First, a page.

Today was my first day at place of internshipping #2. I mostly did busy work: I made up and printed out name tags for Monday's evening event (meet and greet the new British ambassador), start a "phone list" of all of the companies that are members, and stuff envelopes with event receipts to send out to the members. Busy work, like I said, but they did say that I saved them an entire day's worth of work, so at least I'm being productive.
The office has windows, it's bright, there is absolutely NO funny smell, and the other two people in the office (yah, three of us, total) are nice and communicable. BIG change from the museum, where only two to three out of...10 or more people talked to me like normal sociable human beings. And as we all know I don't require much social attention, it speaks volumes when even I end up complaining about silence.
Today lasted from 9:30-5ish, with a wake-up time of...7:15 (blaarrrfh) I'm surprised I didn't pass out on the bus ride into the city center. There's also a Coffee Nation a few blocks down from the office, so I can't think of a much better locatio.
What surprised me today was that after only a few hours of being in the office, the Exec. Director came and asked me what my plans after internshipping were. I told her about the possibility with the English Learning center, etc., and she explained then, that one of the BCCL's members, a translation company, had gotten a copy of my CV and wanted to talk to me about a job possibility. I said that was funny, because I had sent them my CV a few months back and had gotten no reply. I was then informed that the Latvian CV sending system is weird, and apparently it's necessary for someone on the "inside" to send the document before it actually gets noticed.
Long story short (how many times have I used this phrase, only to end up lying to you?), the rep. from the translation company wants to talk to me at the event on Monday and hope that something could be worked out. Now I have to figure out where my loyalties are. The English learning center got back to me first and technically has offered me a job for 2008. On the other hand, they're a new company, not even a year old, and are asking me if I can take on classes to teach NOW, even though I've expressly stated that I have other obligations.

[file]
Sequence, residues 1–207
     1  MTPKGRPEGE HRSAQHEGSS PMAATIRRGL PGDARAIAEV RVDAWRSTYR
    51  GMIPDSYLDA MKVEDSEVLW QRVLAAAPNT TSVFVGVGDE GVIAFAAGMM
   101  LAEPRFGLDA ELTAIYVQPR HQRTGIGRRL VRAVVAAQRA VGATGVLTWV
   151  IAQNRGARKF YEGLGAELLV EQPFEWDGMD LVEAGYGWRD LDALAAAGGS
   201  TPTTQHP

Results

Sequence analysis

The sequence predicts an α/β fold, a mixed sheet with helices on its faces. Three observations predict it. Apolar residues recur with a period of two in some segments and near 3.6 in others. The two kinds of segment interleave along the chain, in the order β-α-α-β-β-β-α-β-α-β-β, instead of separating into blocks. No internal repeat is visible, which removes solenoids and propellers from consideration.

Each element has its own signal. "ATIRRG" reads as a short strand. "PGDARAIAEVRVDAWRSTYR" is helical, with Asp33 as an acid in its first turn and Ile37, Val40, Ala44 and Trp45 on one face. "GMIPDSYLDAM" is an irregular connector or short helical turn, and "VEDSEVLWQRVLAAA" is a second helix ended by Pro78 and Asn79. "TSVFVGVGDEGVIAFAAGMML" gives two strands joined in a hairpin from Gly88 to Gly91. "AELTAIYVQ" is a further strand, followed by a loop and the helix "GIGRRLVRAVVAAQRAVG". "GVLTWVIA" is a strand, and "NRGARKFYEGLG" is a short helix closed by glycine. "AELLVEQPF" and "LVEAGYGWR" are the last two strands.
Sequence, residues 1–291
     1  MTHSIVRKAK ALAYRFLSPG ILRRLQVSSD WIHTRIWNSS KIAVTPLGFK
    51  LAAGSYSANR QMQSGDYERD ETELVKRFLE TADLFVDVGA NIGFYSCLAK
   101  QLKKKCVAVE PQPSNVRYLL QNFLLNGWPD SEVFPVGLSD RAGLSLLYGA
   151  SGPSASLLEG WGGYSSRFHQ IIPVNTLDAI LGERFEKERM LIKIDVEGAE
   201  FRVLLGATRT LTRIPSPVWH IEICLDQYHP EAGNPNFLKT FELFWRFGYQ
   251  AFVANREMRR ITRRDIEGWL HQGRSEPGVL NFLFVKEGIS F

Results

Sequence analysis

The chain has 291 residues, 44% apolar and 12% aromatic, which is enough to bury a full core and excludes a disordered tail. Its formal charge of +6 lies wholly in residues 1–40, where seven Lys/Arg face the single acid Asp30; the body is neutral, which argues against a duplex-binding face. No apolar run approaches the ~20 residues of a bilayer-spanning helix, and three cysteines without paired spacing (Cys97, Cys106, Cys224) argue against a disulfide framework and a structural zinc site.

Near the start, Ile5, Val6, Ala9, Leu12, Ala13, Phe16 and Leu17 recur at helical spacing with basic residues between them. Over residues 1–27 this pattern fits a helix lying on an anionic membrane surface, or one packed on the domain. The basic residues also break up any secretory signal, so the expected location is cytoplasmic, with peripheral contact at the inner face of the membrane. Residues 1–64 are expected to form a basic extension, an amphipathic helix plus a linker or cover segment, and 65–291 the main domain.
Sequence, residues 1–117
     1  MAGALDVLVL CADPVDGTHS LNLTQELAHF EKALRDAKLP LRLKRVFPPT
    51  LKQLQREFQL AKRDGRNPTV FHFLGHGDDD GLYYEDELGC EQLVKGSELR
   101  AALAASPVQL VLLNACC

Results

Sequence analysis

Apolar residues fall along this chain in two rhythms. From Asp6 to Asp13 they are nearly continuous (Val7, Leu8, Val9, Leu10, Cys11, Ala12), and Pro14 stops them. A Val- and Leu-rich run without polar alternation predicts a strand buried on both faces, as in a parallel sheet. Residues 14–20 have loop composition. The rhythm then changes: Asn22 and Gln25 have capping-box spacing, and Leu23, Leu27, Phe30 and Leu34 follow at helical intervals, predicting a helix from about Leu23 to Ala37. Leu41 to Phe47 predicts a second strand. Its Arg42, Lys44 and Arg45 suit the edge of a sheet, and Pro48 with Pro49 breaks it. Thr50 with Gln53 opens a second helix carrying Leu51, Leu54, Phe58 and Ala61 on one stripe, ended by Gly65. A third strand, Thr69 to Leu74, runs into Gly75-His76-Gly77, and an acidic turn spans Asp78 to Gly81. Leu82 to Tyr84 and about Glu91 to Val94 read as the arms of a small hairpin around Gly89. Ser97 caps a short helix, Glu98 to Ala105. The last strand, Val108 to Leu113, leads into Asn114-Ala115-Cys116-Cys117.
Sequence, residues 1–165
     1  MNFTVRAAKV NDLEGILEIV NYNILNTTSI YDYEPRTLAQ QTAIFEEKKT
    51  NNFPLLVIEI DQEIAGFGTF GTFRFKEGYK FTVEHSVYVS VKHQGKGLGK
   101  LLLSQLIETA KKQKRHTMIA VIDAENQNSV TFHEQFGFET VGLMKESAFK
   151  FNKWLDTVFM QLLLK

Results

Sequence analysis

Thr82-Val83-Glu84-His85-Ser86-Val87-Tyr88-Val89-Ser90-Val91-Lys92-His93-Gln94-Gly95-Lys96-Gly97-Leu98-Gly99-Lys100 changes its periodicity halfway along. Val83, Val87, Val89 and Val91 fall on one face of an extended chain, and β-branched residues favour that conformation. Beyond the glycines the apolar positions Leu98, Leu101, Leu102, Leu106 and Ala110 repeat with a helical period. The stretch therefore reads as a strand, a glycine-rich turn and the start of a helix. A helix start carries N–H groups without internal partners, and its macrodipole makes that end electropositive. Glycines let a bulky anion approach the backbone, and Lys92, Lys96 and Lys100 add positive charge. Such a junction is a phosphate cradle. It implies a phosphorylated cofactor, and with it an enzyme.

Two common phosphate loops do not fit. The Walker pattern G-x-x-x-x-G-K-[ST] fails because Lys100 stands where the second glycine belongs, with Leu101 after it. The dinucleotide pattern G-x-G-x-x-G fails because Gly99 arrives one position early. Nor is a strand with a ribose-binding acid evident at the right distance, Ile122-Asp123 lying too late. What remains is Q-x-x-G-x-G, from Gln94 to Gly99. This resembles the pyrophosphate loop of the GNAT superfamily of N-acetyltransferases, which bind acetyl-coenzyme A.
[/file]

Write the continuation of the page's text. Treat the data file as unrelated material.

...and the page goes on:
The translation company has been around since 1994, is well known, respected, and most importantly, if you haven't caught on, IS A TRANSLATION COMPANY. They also offer English lessons, but my guess is that that's not what I'd be good for to them. I posed this job-market ethics question to the BCCL Exec. Director, and she said, "Job market ethics whatever. I'd go with the company that's established itself and been around longer, and the one that pays more." Good advice, I guess. I haven't decided yet what to do. We'll see what the translation firm offers.
On a different note, tonight I saw a Latvian-made film about agriculture and farming. A sort of documentary, I guess. It was interesting, kind of funny, had lots of animals in it--like a very bossy duckling and a hedgehog who pigged out on milk left out for cats--but I didn't really get the main point. There was all this information about three or four separate families who are in the agriculture business, and then all of a sudden the narrator would talk about global warming, and then all of a sudden about the EU...so I think the film was SUPPOSED to be about how Latvia joining the EU affected Latvian farmers. I think. I couldn't watch most of the movie because the camera work was really shaky. Put me on a roller coaster and I could fall asleep, but show me a movie with bad camera handleage, and I get sick to my stomach.
On the way to the bus stop I was talking to my relative when a British guy suddenly joined her under her umbrella. Then another guy from the group decided he would join me under my umbrella; at least they asked us if it was okay, which I guess it was, and at his request I let him hold the umbrella because he was taller, but on the condition that he wouldn't steal it from me (which he promised he wouldn't do). This then turned into a 5 minute conversation on how my English was very good (which I then had to explain), where I was from in the U.S., then the assumption that I had heard of cheerleading (apparently he was a male cheerleader. from the UK. I don't get it.), how I didn't seem impressed (who would be?!), how I explained that cheerleading was, stereotypically, not respected in the U.S., and how he explained that in the south it was respected more than in the north, and why I was in Latvia in the first place. Then I got my umbrella back from him, taught him how to say, "Hi, my name is Rob" in Latvian (which he'll probably forget, they had been involved in alcoholic activities), then shook hands and said our farewells.
So today I started a new job, saw a movie that almost made me physically sick, and met a British cheerleader named Rob. Too much excitement for one Friday, I think...